Experience Works offers senior workers job skills training


 By Don Cogger

Yellowstone Newspapers
 
An organization that provides training and employment opportunities for residents over the age of 55 living on a limited income may be Eastern Montana’s best-kept secret.
Everyone has felt the pinch of a struggling economy, perhaps none more so than retired or unemployed senior citizens. But for those who prefer to be self-sufficient and are willing to train for a spot back in the workplace, there is a place in Eastern Montana that wants to help.
Experience Works, formerly known as Green Thumb, is a national non-profit organization that helps older people obtain the training they need to find good jobs in their local communities. The largest program offered by Experience Works is the Senior Community Service Employment Program. Funded under Title V of the Older Americans Act, as well as state and local grants, SCSEP enables seniors to benefit from training, counseling and community service assignments.
Trainees are placed at eligible training sites where they are paid minimum wage for an average of 20 hours a week. Trainees can earn more than $7,000 annually while learning the skills necessary to prepare for them for better-paying jobs. In the 2009-2010 program year, Experience Works served more than 30,000 seniors, providing services to more than 9,000 nonprofit and public organizations in 39 states.
Eastern Montana Employment and Training Coordinator Mike Myers recently addressed the benefits of Experience Works, a fixture in Eastern Montana for over a decade.
"A lot of retired seniors are discovering in this economic downturn that their retirement or investments have shrunk, and they don't have the money they thought they had," Myers said. "We help them to take advantage of the employment opportunities that are available to them if they're interested in getting back in the workplace."
To qualify for the program, applicants must be 55 years or older and a resident of the state of Montana. His or her annual family income must not be more than 125 percent of the established federal poverty income guidelines, and he or she must be eligible to work in the United States. Myers said that after sharpening their skills in the training program, seniors are then able to find good-paying jobs in such fields as food service, groundskeeping, maintenance, janitorial and mechanics.
"There is a pretty wide spectrum of jobs that we train our people for," he said. "The people we place in positions are typically going to earn anywhere from $8 to $14 an hour. Some work full time, some work part time, depending on the needs of the employer. Most start at entry level, but they can advance from there if they wish. It's all up to the individual. We're simply the conduit so they can become re-employed."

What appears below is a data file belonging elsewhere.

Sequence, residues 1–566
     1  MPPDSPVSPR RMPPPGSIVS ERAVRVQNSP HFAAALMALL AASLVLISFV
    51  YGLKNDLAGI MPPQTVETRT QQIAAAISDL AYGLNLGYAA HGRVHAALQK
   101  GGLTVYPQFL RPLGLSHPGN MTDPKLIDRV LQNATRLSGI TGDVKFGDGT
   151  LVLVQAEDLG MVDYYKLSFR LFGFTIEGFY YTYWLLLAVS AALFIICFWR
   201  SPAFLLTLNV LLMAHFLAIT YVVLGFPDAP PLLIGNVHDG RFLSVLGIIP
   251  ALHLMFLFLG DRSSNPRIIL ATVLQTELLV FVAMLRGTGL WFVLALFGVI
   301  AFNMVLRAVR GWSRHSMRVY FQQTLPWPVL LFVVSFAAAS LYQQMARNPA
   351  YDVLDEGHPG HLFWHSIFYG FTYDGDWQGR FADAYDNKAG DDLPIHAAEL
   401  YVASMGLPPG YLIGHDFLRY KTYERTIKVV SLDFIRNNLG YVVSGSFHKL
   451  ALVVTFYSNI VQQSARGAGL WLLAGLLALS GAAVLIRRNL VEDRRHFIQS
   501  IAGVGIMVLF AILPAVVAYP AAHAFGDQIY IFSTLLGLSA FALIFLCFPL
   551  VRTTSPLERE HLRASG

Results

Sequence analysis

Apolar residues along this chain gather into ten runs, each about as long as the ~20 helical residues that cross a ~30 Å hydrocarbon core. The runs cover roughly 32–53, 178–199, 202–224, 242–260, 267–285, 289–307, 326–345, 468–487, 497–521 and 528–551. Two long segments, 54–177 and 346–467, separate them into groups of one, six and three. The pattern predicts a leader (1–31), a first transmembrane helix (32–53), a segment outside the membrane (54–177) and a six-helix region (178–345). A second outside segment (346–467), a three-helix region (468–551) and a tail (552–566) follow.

Experience Works has been in Montana since 1970, though Myers said that not a lot of employers and residents are aware of its existence. Because the organization rarely advertises on television or print media, the organization relies on positive word-of-mouth.
"That's one of the reasons we've been traveling around talking to local newspapers," Myers said. "We want to get the word out to folks who otherwise just don't hear about us. We're a great resource for employers. They don't pay us anything, our service is completely free, for the participants as well as the employers."
Caroline Bennett, who has overseen the day-to-day operations of Experience Works in Miles City since 2005, said the most gratifying aspect of what she does is placing someone with a job that ends up being the perfect fit.
"Being able to watch someone blossom is just a wonderful feeling," she said. "When they find a job they enjoy, they get so excited. They'll call you up and thank you; it just changes their life completely. And it also makes a positive change in the community."
Myers concurred with his colleague, saying that helping someone become self-sufficient again makes all the training worthwhile.
"Instead of the taxpayers supporting them, they're paying taxes, which is pretty cool," he said. "It helps the community become stronger by generating money within the community. The success stories is what keeps us going. We provide a hand up, not a hand-out."
For more information on Experience Works, contact Caroline Bennett at 406-234-1561.

Published Nov. 24, 2010

Article Type: 
News

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